Academia Is Infantilizing

My sister went back to school this year. She’s pursuing a graduate degree in business administration. Of course, she already created a multimillion business, so academia bullshit doesn’t impress her.

(Why she needs a degree? Because that’s how we are. We spend our lives getting educated. It’s a family thing, and, in larger terms, a Jewish thing. We can’t pass by a door with a plaque saying “get more education here” for love or money. It has magnetic attraction to us.)

This week my sister has been suspended. The reason is that she didn’t do the obligatory training on sexual harassment. What she didn’t know is that these trainings are extraordinarily infantilizing. You’d be ashamed to offer that kind of thing to a bright 14-year-old, let alone to the evening school adults.

“I can’t believe this!” my sister kept saying. “I’m a grown woman. I have children. I make a good living. I get invited to speak all over the world. And here I am, answering ridiculous questions about how putting your hand on a person’s thigh during kissing is sexual violation. What is this?”

17 thoughts on “Academia Is Infantilizing”

  1. in larger terms, a Jewish thing. We can’t pass by a door with a plaque saying “get more education here” for love or money.

    I recall a joke about a Jewish man who arrives at the gates of heaven. When he asks about meeting other Jews, St. Peter says “They’re all over there.” and points to a door nearby with a sign that says “Lectures on Heaven”.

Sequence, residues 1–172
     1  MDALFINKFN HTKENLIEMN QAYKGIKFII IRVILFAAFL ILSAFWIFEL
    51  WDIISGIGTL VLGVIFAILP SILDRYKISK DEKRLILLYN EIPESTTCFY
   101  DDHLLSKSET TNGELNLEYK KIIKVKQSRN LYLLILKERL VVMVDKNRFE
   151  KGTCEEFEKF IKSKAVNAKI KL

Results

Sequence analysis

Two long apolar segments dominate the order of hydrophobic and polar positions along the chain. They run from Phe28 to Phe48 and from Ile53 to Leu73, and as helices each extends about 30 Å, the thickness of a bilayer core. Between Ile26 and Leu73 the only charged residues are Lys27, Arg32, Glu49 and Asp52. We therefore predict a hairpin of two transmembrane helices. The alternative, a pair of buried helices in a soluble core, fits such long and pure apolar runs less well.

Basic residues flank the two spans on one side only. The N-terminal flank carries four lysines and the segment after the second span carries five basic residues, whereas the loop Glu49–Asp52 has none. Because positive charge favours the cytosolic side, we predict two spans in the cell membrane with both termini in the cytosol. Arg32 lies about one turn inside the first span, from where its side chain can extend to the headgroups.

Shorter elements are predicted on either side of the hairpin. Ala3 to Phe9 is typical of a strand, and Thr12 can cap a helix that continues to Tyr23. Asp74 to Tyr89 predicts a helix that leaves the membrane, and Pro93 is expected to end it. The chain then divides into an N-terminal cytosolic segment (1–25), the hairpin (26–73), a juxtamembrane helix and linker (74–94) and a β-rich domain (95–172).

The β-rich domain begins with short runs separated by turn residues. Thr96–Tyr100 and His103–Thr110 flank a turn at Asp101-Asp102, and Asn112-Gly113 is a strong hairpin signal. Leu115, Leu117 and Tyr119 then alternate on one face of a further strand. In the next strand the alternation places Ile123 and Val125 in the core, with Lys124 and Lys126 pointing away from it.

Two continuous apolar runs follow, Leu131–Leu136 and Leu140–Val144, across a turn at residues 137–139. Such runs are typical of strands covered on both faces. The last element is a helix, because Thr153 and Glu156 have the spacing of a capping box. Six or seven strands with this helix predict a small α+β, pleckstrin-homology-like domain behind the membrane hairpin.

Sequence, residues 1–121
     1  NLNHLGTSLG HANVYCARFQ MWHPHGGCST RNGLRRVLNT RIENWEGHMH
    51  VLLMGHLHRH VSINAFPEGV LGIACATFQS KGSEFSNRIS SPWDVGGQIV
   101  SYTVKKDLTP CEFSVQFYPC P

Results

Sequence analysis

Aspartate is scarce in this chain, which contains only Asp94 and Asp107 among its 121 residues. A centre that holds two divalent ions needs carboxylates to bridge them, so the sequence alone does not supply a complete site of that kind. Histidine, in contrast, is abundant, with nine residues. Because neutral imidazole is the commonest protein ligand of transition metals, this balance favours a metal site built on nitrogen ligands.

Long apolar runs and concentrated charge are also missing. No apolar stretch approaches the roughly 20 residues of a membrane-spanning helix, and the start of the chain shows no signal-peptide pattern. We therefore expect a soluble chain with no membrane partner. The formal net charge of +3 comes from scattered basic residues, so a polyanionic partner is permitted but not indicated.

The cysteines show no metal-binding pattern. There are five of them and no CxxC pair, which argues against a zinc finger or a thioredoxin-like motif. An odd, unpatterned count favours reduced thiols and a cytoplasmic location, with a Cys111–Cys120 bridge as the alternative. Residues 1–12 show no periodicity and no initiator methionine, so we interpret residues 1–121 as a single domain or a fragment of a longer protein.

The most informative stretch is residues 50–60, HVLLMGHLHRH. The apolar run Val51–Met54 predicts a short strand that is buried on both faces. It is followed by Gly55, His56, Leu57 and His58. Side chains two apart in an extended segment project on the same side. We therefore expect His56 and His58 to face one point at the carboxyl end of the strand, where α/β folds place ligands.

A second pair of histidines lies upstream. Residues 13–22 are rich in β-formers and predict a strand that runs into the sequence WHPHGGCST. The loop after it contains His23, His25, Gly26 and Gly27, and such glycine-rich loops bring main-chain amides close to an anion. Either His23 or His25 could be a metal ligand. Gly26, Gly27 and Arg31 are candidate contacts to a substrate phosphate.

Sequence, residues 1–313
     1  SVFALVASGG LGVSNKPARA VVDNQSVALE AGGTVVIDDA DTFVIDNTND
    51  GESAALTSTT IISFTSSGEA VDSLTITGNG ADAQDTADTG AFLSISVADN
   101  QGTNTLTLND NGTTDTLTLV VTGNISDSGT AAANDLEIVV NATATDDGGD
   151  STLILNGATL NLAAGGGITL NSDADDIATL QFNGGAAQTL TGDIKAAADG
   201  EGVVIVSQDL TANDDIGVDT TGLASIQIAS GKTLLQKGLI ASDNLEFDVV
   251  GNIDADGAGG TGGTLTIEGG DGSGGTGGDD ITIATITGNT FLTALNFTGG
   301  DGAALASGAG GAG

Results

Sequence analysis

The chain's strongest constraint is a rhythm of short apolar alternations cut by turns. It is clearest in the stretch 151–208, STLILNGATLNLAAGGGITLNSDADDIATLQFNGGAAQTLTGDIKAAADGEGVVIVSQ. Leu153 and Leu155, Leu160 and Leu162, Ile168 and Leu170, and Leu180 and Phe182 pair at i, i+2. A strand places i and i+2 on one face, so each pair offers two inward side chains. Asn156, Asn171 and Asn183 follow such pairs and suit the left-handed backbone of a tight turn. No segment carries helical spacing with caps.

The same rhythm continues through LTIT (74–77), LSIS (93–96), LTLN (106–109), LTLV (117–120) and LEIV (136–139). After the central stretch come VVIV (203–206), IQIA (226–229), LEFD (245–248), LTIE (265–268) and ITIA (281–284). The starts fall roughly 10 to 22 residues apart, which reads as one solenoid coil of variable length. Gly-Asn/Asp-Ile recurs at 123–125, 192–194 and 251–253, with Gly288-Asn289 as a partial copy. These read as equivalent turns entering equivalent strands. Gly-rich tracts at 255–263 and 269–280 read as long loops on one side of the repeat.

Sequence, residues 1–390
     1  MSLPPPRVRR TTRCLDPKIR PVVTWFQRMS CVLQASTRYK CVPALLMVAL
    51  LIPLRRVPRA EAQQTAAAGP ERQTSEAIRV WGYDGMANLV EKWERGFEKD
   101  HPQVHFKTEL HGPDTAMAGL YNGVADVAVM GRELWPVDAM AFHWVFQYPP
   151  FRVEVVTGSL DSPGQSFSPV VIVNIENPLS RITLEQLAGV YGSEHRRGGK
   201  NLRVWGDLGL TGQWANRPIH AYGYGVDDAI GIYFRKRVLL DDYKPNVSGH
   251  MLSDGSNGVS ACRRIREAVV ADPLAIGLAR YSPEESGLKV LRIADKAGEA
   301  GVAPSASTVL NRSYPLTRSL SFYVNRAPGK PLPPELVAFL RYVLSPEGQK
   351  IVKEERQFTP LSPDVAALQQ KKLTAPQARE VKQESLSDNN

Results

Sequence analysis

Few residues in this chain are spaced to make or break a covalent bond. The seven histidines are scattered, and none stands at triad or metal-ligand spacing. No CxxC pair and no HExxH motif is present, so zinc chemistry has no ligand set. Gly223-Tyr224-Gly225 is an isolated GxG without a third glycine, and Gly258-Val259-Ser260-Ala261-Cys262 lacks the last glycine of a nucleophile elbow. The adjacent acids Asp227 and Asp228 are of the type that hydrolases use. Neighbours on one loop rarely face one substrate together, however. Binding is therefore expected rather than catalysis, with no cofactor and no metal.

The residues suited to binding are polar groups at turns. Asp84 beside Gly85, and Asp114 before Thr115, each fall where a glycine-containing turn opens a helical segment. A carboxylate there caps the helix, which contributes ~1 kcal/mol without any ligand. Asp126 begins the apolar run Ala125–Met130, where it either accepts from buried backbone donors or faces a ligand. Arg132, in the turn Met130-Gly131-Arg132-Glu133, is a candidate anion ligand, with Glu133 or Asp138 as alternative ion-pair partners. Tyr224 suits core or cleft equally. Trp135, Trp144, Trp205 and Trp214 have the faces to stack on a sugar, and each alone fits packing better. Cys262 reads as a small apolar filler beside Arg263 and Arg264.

Liked by 1 person

  2. These trainings are for sexual harassers and psychopaths, to train them on how to stay out of trouble, I am convinced. How to get away with stuff while looking right.


  3. The one aspect I rarely see discussed is people who have been harrassed and are forced to take this training. It’s traumatic. I worked for an abusive man for 3 long years. I finally quit. I had to take a year off to recover. He was an evil man. He got to keep his job and retire–though they did make him complete “counseling”. I was a secretary and therefore meaningless. Every year I am required to complete this training at my current place of employment, it brings it all back. I try to close my eyes and click the boxes. I don’t want to explain to anyone how awful it is. But this is real for many women who have survived such abuse.


  4. I may be getting cynical in my old age but it sounds to me like the university is establishing a baseline of ‘professional’ behaviour that an employer may use to more easily fire someone.


    1. Sounds about right. It is difficult and costly to fire someone. More in some states than in others. From the company’s perspective, it’s important to have as much documented training and box-checking and documentation as possible, so that when and if you need to fire someone, you have piles of files you can scour for justification. At my last job, this took the form of demoralizing quarterly “self-assessments” where, every three months, you had to basically write an essay about why you should continue to work for the company. That made my resignation easy and guilt-free.


      1. Yep, followed by occasional unfair dismissal proceedings. That way, a settlement is reached instead of a redundancy, with a portion of that being absorbed by tribunal costs, private lawyers, and HR department counsel. Proceedings will naturally be dragged out for at least a year, to punish the former employee for objecting to being expendable, and to leave a telltale gap in their resume for the next potential employer to see.